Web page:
Ah, he knows you well, Charles.
The man with the gavel in his grasp is Richard Hughes.
Let's see what he thinks of our experts' choices.
I don't know whether you'd want to leave it in the garden too long,
but I'd be hoping to get towards £100 or so for that,
certainly getting there.
The railway cart, NCB, National Coal Board,
nice well-made model.
It looks like it's been either in a fire or a bit too close to a fire,
because the condition's a little bit blistered,
but £50, £60. All of that.
Phil and Charles both began this leg
with the Road Trip's bulging budget of £200
and both blew the lot.
That's the spirit.
Both bought true to form,
with Philip Serrell spending every last penny of his budget
on an eclectic mix of items to make up his five lots.
While Charles Hanson went down a more classical route
in choosing his five lots.
-It's a very tense auction.
-'All the jewellery, £5...'
Do you feel tense?
Yes, I've got a slight clenching feeling around the buttocks.
Too late for nerves, boys, the auction is about to begin.
First up is Charles' Staffordshire pottery figure.
Start me then, £5.
£5 I've got on my right then, straight in with you, who'll say 8?
It's the maiden bid, 8. I'm bid 10. 10, madam? 12.
£15 lady's bid front.
Goes at 15.
A £10 profit, Charles. Steady...
but not much to harp about.
-That's a good start, isn't it?
-Yeah, it was.
OK, it's a good start.
Now, if anyone by chance came along
looking for a glass turkey
and spectacle stand,
then they're in luck.
Nice little group, those. £30 the two.
-Got to be that.
I've got £10 bid with me, then.
15, 18, 20, 22.
£22, the bid's in the room at £25.
A fresh bidder - 28.
£25, the bid's dead centre with you, sir, at 25.
You're out behind? All done.
Charlie, there's just no stopping you, is there?
-Isn't that a loss due to commission?
-No, no, no, no.
No, don't worry, Charles,
after commission that actually scraped a profit.
Next up is Phil's first lot,
the miniature clogs and the parasol.
10 to start, £10 I got, thank you, madam.
Again, now, is there 12 in the room?
It's the main bid, the lady's bid.
15, 18. 20.
20, sir, and 22. 25.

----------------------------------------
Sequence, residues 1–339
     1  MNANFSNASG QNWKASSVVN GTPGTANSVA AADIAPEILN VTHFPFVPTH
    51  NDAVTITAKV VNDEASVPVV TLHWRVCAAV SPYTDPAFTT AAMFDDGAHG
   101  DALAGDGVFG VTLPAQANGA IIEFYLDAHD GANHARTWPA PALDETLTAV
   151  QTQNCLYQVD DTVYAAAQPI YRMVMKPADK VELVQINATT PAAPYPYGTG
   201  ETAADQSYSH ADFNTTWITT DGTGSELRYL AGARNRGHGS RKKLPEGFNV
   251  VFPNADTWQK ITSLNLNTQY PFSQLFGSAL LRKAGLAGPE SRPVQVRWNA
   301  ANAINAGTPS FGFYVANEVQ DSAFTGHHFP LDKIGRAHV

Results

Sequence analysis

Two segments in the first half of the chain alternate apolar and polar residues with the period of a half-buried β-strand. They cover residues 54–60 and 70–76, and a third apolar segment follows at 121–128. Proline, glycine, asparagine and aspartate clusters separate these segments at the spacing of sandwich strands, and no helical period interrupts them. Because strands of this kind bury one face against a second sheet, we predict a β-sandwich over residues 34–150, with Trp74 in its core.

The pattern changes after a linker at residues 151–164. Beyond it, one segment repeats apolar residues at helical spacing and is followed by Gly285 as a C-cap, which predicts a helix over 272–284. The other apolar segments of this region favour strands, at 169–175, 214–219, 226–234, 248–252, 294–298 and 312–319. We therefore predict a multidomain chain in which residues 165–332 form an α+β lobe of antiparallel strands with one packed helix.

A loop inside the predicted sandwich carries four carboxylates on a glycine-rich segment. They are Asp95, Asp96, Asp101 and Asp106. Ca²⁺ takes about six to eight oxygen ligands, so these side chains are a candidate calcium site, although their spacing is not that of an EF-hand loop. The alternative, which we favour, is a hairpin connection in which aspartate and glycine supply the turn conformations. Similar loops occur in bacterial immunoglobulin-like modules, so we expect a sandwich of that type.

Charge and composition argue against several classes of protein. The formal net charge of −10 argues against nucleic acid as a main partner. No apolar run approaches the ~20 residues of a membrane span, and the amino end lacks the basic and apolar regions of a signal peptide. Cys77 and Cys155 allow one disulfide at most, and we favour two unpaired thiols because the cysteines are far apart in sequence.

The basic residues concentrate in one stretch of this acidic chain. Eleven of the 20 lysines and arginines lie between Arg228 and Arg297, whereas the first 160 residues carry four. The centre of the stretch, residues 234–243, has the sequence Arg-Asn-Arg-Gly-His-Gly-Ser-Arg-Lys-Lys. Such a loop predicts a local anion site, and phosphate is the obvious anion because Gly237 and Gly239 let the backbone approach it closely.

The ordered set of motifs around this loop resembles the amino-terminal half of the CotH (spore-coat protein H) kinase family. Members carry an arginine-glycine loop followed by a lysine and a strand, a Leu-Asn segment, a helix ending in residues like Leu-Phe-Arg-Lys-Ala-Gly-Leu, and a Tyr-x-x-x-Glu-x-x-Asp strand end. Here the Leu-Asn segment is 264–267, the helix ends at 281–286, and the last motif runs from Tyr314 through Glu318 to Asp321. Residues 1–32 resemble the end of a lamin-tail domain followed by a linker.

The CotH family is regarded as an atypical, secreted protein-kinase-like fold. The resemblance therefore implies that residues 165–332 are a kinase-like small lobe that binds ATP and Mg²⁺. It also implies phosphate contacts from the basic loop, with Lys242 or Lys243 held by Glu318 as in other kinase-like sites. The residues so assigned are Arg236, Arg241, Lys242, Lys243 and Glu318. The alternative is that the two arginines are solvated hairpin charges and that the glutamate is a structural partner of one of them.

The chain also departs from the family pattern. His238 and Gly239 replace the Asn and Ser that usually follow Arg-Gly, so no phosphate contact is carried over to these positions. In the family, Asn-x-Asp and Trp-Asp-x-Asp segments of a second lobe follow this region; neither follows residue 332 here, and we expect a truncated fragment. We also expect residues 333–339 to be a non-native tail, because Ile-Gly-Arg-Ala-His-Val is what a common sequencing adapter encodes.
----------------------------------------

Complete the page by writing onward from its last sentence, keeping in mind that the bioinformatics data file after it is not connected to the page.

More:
A fresh bidder - 28.
30. It's only money. And 32.
£30 bid's in front.
Charlie, could you wipe that smile off your face, please?
He's probably just worked out
that that's a loss after commission, Phil.
But here's the warden's helmet
that you were confident would blow Charles away.
I've got £20 bids.
30. And 35, sir?
40. And 45?
Well done, it's getting there.
I'll take 48 if you like it.
Sold at 45.
-That's a shock, Charlie.
-Well done. Well done.
-What a great result.
You called it, Phil - a healthy profit to edge you in front.
Now, can Charles combat it with this pair of watercolours?
These are nice, but they could crash.
HB Davis, 1922,
it's going to be £50 for them. For the pair.
Nice frames as well.
£20 to start, then. £20 I've got, thank you.
-That's all right, Charles.
Maiden bid at £20 with you, sir.
25 bid, 30.
£25 bid, I'll take 28 if it helps you now.
Is there 28?
Sold at £25.
That's cost you 8 quid, I think.
And your profit overall is sailing away from you.
But will Phil's stay on track
with his model of a coal tender?
Lovely quality, nicely made and put together. Lot 90.
-Give me 100 for it.
£100 I got.
Straight in. At £100, it's the lady's bid at the back of the room.
Who'll say 105 for it?
Maiden bid with you, madam, at £100.
Starting bid £100.
Sold for 100!
Oh, dear. The face says it all.
I think Phil saw more than £100 on that.
You need two to tango, and she had no-one to tango with.